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The paths forward:

There appear to be only four possible future scenarios:

  1. The denomination might persist as it has in the past, with continuing debates causing dissension in the church for many years into the future. This would be a solid win for the conservative faction.

  2. The church might split into two denominations as it did in the past over the morality of human slavery. Eventually, as the culture reaches a consensus on equal rights for lesbians, gays, and bisexuals (LGBs) the two denominations might merge.

  3. The church might develop some form of local option in which individual presbyteries or even individual congregations would decide matters of procedure for themselves.

  4. The church may accept a change to their formal definition of marriage and also allow its clergy to marry loving, committed same-sex couples. This would be a solid win for the liberal side and would bring the denomination into harmony with the beliefs of most Americans.

The denomination seems to have taken path #4 at its 2014 General Assembly when it overwhelmingly voted to change its definition of marriage and to extend to individual congregations the option to allow its minister(s) to marry same-sex couples where such marriages are legal. However, the former decision must be ratified by a majority of presbyteries during 2015.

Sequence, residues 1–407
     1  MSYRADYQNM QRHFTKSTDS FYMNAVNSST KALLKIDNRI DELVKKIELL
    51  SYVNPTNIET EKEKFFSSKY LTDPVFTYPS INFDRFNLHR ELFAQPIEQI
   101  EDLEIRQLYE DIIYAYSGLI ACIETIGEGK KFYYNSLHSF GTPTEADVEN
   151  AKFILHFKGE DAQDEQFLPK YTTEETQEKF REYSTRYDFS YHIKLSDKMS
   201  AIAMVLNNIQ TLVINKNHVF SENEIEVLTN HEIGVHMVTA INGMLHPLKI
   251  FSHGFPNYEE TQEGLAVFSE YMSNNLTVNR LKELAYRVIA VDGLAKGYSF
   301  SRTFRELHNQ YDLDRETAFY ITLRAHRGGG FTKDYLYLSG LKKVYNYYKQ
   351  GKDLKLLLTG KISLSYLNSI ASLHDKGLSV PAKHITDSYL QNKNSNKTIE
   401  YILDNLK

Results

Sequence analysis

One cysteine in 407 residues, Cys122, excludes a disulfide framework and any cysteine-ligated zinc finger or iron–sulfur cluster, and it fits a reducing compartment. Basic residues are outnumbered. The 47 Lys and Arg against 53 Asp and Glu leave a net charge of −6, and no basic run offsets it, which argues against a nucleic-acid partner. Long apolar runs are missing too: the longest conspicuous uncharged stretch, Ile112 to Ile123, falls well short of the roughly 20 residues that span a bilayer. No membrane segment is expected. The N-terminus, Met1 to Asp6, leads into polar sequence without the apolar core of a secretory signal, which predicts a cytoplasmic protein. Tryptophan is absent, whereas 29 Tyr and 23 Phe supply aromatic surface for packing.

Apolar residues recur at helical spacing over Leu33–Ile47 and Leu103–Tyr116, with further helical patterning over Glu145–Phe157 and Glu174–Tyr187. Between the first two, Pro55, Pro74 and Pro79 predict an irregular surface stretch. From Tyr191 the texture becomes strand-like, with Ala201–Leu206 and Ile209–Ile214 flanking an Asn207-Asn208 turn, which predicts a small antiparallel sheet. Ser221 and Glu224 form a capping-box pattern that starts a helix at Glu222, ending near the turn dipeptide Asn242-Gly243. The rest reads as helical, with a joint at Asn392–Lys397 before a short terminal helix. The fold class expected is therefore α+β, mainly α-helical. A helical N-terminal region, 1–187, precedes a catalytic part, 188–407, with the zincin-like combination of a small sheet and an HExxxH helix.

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Internet and media references:

  1. Krista Ramsey, "Doug is calm at center of church storm", Cincinnati Enquirer, 1997-NOV-1
  2. "The World Almanac and Book of Facts," World Almanac Books, (2004), Page 610.
  3. "The Church and Homosexuality," (1978). Publication #OGA-88-042. It can be ordered for $1.50 + S&H by phoning 1-800-524-2612. It is important to realize that this document is partly based on scientific knowledge of human sexuality as it existed in 1978. Much has been learned since.
  4. Jack Marcum, "Go Figure: Homosexuality and ordination," PC(USA), 2009-OCT, at: http://www.pcusa.org/  This is a PDF file.
  5. Daniel Burke, "," Religion News Service, 2010-AUG, at: http://www.pcusa.org/
  6. Jack Marcum, "Go Figure: Fewer members = smaller congregations," PC(USA), 2010-DEC, at: http://www.pcusa.org/
  7. "Presbyterians set vote on same-sex marriage at convention in Detroit." Detroit Free Press, 2014-JUN-19, at: http://www.freep.com/
  8. Josh Staiger, "U.S. Population by Year," 2014, at: http://www.multpl.com/
  9. book cover image Mark A. Noll, "The Civil War as a Theological Crisis," (2006). Read reviews or order this book safely from Amazon.com online book store

    Some reviews:
    • "Mark Noll has for several decades been leading an effort to take seriously the religious and theological complexities of America's antebellum and Civil War experience. This concise book . . . both summarizes this scholarship and, in several important respects, advances the conversation."
      --The Journal of Religion

    • "In The Civil War as a Theological Crisis, Mark A. Noll breaks new ground on pre-war theological disputes over slavery in scripture and on contemporary discussions of the providential character of the war."
      -Southern Partisan

    • "[The Civil War as a Theological Crisis] was deeply satisfying and profoundly disturbing at the same time. It is to his credit that Noll's evangelical scholarship could raise such intellectual complexities and question such moral scandals."
      -Presbyterion

    • "[A] well-written and insightful work. . . . Noll makes every word count."
      -BYU Studies
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Copyright © 1996 to 2014 by Ontario Consultants on Religious Tolerance. 
Latest update 2014-JUN-25
Author: B.A. Robinson